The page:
Tracking Protection Working Group: Getting to Closed


As discussed at the Brussels face-to-face meeting, our timeline requires that we manage issues to get them closed more quickly. Two key principles:

  1. The Working Group evaluates text proposals. All open issues and suggested changes must have concrete text proposals.
  2. Rather than relying on votes, Working Group decisions will be made by calling for objections to presented proposals and arguments. The chairs will judge consensus based on the least strong objection.

This process is our group's implementation of the W3C Process document.


0. Raising an issue
Issues are raised by the Working Group for questions we may need to consider in the specification. Any Working Group Participant can raise an issue in Tracker; issues most commonly arise during a teleconference or face-to-face and are raised by the scribe or Team Contact.
1. Opening an issue
Chairs open issues to signal to the Working Group that they're open for active discussion. When an issue is opened, action items for text proposals should be assigned as soon as possible (during the next call discussing the issue, for example). Actions to write a proposal should be completed by the assigned deadline; if not feasible, Participants should work with the chairs to update or re-assign the action. If no text proposals are written for an issue, the chairs may choose to close the issue for apparent lack of interest. In order to validate this lack of interest and give participants another chance to provide input, the chairs send a reminder with issues to be closed to the mailing list.
2. Generating text proposals
For generating text, we assign actions to participants; actions are associated with the issue for which the text is generated. These actions are marked pending review once the new text has been produced. Empty text is a valid counter-proposal if you believe certain text should not appear in the recommendation and no replacement text is necessary.
3. Review, discuss and call for consensus
Once one or more text proposals have been made for an issue, the chairs will provide some time for review and discussion by the Working Group. (These issues are marked pending review in Tracker.) At the next call discussing an issue, two questions should be answered:
  1. Are there more proposals? (If so, assign action items to write new proposals.)
  2. If only one proposal exists, are there any objections to it? (If so, assign action items to write a counter proposal; if not, the issue is closed and an action is opened upon the editors to update the spec.)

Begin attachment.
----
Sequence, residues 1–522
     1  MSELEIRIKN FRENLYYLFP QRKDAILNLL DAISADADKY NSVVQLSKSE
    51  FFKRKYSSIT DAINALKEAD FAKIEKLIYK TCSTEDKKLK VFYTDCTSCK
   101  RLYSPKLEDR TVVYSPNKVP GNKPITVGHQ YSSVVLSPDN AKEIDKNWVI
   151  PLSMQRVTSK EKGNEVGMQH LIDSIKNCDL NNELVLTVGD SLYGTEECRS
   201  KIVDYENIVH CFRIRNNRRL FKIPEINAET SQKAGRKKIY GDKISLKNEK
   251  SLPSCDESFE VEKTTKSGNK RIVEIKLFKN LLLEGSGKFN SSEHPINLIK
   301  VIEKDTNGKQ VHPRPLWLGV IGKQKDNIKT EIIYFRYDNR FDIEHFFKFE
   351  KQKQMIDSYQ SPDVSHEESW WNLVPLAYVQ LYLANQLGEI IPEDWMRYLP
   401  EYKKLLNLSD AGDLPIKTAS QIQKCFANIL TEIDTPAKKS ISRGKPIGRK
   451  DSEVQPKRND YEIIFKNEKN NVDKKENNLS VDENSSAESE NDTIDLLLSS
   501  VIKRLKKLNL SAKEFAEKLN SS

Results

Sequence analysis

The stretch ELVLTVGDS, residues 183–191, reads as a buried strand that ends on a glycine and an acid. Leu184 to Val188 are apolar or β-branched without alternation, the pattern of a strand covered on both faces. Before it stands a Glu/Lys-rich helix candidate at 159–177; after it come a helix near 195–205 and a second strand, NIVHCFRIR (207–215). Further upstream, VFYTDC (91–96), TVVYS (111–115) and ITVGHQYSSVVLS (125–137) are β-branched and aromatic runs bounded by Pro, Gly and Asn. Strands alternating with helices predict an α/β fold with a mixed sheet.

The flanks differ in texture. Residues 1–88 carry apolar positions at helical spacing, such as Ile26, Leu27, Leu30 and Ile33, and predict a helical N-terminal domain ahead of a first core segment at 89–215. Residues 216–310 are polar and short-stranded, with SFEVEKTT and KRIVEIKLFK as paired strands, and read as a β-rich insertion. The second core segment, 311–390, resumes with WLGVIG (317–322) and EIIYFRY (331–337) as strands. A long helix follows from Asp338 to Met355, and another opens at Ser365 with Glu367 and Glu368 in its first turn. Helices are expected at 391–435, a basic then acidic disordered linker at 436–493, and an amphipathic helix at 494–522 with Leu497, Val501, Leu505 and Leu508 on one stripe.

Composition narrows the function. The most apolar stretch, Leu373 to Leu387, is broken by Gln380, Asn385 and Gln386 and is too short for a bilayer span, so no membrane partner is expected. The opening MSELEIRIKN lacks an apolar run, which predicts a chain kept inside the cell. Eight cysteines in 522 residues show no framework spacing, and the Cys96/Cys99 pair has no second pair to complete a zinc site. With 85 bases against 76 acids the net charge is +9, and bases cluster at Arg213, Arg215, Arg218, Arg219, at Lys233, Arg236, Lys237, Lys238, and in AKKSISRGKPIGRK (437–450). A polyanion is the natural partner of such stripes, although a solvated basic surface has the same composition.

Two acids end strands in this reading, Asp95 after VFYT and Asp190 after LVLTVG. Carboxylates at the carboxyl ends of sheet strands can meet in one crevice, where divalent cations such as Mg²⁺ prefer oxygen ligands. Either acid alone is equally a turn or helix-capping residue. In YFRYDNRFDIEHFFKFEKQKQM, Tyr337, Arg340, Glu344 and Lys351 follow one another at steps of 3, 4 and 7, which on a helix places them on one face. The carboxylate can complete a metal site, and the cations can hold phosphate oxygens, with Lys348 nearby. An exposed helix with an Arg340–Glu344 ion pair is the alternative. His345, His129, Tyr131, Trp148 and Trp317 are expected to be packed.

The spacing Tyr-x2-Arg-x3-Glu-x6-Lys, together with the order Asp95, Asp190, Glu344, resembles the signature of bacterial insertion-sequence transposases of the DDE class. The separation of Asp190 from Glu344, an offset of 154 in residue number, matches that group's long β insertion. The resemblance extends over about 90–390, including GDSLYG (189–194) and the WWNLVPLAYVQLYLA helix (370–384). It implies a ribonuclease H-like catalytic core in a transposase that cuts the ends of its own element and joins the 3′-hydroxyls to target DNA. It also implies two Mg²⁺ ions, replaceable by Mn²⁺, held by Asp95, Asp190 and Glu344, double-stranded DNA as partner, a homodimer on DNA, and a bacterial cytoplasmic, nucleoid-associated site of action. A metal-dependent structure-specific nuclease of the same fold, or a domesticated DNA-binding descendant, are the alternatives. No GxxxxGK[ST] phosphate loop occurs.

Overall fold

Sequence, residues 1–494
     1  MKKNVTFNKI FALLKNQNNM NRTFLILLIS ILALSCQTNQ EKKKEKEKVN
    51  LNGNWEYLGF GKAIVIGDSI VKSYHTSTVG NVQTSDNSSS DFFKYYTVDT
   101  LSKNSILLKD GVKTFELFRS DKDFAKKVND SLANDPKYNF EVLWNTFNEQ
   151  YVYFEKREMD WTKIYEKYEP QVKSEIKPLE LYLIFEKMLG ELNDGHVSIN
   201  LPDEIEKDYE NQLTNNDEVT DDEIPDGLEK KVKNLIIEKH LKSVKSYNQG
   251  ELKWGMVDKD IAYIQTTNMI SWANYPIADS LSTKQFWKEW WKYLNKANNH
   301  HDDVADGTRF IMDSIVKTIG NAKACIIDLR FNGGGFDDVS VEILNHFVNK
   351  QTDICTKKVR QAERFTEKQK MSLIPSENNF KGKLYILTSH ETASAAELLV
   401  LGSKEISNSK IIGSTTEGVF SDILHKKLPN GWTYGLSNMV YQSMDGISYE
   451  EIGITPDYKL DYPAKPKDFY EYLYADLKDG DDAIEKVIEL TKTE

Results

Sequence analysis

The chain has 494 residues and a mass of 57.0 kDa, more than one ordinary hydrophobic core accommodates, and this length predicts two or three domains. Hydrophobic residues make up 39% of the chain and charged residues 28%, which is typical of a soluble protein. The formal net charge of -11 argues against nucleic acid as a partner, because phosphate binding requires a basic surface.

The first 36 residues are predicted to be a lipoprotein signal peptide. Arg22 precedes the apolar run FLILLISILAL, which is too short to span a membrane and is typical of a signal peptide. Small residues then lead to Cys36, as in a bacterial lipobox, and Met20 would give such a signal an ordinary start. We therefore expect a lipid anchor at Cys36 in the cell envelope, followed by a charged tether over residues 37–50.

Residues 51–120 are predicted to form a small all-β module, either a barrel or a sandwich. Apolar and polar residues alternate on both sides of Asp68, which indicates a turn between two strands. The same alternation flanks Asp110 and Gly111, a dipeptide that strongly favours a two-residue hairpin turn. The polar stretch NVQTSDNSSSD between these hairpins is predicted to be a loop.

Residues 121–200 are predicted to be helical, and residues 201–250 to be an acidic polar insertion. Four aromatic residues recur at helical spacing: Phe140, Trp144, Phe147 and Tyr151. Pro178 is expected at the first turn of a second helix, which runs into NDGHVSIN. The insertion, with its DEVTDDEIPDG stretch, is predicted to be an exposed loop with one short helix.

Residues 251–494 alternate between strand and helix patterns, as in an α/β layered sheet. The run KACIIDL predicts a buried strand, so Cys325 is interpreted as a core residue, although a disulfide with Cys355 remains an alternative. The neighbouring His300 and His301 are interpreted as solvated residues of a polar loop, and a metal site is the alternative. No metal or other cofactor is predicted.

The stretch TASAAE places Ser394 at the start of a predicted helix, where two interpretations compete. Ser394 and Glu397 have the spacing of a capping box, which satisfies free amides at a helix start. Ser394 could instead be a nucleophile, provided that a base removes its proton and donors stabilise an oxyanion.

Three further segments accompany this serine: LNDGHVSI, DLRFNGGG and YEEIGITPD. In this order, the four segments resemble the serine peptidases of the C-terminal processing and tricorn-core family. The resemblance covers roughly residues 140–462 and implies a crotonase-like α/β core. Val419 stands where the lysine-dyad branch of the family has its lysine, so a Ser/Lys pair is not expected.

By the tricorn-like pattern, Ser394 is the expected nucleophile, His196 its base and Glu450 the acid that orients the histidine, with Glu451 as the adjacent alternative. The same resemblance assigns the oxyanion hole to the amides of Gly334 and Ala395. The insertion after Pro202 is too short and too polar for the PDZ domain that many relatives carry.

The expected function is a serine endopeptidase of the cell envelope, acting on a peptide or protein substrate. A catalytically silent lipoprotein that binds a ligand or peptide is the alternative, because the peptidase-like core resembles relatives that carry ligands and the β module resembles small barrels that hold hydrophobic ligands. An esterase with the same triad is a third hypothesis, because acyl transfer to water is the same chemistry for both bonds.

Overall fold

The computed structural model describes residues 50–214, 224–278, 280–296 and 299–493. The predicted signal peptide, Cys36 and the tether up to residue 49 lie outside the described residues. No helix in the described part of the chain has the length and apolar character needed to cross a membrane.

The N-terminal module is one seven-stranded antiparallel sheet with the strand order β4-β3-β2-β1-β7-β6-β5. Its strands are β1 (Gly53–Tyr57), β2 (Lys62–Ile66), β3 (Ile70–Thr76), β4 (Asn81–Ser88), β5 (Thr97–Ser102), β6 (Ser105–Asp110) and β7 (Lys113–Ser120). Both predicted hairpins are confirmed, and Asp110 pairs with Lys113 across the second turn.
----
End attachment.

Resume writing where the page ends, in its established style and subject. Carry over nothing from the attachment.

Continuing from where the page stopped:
4. Call for objections
If two or more competing proposals exist for an issue and the chairs conclude that further discussion on the proposals will not change existing positions, the chairs may conduct an electronic straw poll to call for objections to each of the presented proposals. Participants should express their objections to each proposal with clear and specific reasoning.

For some examples, see the list of HTML5 WG surveys.

5. Working Group decision
Based on the presented proposals and the arguments and objections from the straw poll, the chairs will judge the group's consensus and post a written explanation judging the collected proposals and objections. The issue is closed and an action is opened upon the editors to update the spec.
6. Formal Objection
If a Participant cannot accept the posted decision, an objection can be escalated (a Formal Objection) by informing the chairs and Team Contact in writing as described in the Process document. If the Working Group cannot address the Participant's objection, the Team will escalate the decision. Typically the Director will consider Formal Objections before the next document transition.
7. Re-opening an issue
If new information and a new text proposal for an issue are presented, the chairs may choose to re-open an issue.


Nick Doty, <>, Aleecia McDonald, Matthias Schunter
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Some of the principles, text and formatting here have been drawn from the HTML Working Group Decision Policy and the W3C Process document.